• Inverted in "Marge vs. Singles, Seniors, Childless Couples and Teens and Gays", Bart and Lisa have a conversation in pig latin, which is subtitled for the viewers. Marge reveals that she knows that they're talking about, and they say, "Ap-cray." This line isn't subtitled.

  • In "Girls Just Wanna Have Sums", Springfield Elementary is segregated between genders. Bart is glad that he can walk around with "Bart Jr. hanging out". He then pulls out a frog named Bart Jr., which croaks, subtitled to explain the joke.

  • At the end of "Trilogy of Error", Mr. Teeny's panicked noises are subtitled as "This plot made no sense! Tell the people!"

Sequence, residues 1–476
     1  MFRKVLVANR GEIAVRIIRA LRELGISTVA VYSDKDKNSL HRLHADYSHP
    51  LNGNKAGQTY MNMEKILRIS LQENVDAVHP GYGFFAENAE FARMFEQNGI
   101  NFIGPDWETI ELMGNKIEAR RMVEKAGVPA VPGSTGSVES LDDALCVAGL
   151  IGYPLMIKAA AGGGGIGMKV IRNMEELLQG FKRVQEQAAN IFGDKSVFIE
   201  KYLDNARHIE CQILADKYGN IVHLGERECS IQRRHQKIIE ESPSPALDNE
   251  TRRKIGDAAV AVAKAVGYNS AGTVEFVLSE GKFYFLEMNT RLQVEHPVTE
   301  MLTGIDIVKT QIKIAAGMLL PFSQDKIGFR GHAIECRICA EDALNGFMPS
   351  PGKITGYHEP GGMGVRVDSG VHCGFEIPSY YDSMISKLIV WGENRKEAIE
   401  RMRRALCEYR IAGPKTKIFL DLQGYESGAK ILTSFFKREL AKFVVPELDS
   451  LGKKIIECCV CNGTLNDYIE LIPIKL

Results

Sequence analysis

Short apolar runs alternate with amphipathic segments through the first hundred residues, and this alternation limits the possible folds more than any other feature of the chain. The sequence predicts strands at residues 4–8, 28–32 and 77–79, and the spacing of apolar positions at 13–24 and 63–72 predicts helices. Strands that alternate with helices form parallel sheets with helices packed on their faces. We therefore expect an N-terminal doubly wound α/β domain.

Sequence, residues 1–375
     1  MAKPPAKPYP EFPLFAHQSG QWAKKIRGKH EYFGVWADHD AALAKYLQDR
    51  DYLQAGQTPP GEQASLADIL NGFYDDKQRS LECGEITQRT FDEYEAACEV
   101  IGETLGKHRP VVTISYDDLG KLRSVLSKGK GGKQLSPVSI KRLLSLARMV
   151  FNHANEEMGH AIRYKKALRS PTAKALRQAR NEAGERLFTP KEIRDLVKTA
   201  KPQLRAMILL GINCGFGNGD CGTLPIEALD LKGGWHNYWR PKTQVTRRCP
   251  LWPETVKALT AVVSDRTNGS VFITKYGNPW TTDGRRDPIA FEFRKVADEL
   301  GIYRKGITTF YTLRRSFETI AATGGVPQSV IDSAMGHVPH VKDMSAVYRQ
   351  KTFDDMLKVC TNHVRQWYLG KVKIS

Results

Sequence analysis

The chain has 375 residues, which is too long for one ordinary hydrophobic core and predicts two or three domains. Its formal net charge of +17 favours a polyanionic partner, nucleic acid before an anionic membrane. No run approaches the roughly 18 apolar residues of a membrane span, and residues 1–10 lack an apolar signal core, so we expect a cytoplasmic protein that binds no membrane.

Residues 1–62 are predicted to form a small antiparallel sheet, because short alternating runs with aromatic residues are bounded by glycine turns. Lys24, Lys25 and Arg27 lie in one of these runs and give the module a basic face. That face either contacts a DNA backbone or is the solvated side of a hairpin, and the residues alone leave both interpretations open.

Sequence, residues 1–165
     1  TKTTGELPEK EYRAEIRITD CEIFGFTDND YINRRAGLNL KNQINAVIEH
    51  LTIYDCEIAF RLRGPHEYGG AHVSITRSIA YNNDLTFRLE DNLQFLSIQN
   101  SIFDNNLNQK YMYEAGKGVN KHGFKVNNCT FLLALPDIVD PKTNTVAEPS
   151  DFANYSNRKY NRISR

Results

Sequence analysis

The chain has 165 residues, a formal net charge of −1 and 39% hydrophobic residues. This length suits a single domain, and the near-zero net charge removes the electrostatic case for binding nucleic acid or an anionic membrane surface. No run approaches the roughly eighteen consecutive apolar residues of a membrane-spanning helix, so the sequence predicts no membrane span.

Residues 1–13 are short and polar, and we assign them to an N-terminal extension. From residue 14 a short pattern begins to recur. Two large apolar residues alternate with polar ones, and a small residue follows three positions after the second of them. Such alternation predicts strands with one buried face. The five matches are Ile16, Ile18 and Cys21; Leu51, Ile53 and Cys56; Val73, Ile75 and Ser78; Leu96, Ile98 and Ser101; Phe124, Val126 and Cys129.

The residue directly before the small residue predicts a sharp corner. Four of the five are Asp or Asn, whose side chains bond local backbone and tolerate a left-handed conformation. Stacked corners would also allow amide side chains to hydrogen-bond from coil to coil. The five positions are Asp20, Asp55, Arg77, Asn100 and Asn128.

• Another joke with Mr. Teeny comes from "Children of a Lesser Clod." Krusty complains about his scripts. Mr. Teeny, sitting at a typewriter, is upset, as subtitles read "I think it's impressive I wrote anything at all."

  • One episode of Sylvester And Tweety Mysteries centers on an artist whose accent is so thick he needs subtitles, with the subtitles being visible to the characters in-universe. At the end of the episode he manages to say something intelligible, but the subtitles just say "mumble mumble".

Hourglass Sanatorium Wojciech Has, Poland, 1973, DCP, 119 min., in Polish and Yiddish with English subtitles August 20, August 21 & August 24 Words are useless to describe the wonders and horrors of the sanatorium, where time and memory drive the dream-machine, fueled by the writings of Bruno Schulz and visionary direction of Polish director Wojciech Jerzy Has (The Saragossa Manuscript) in this newly-restored masterpiece.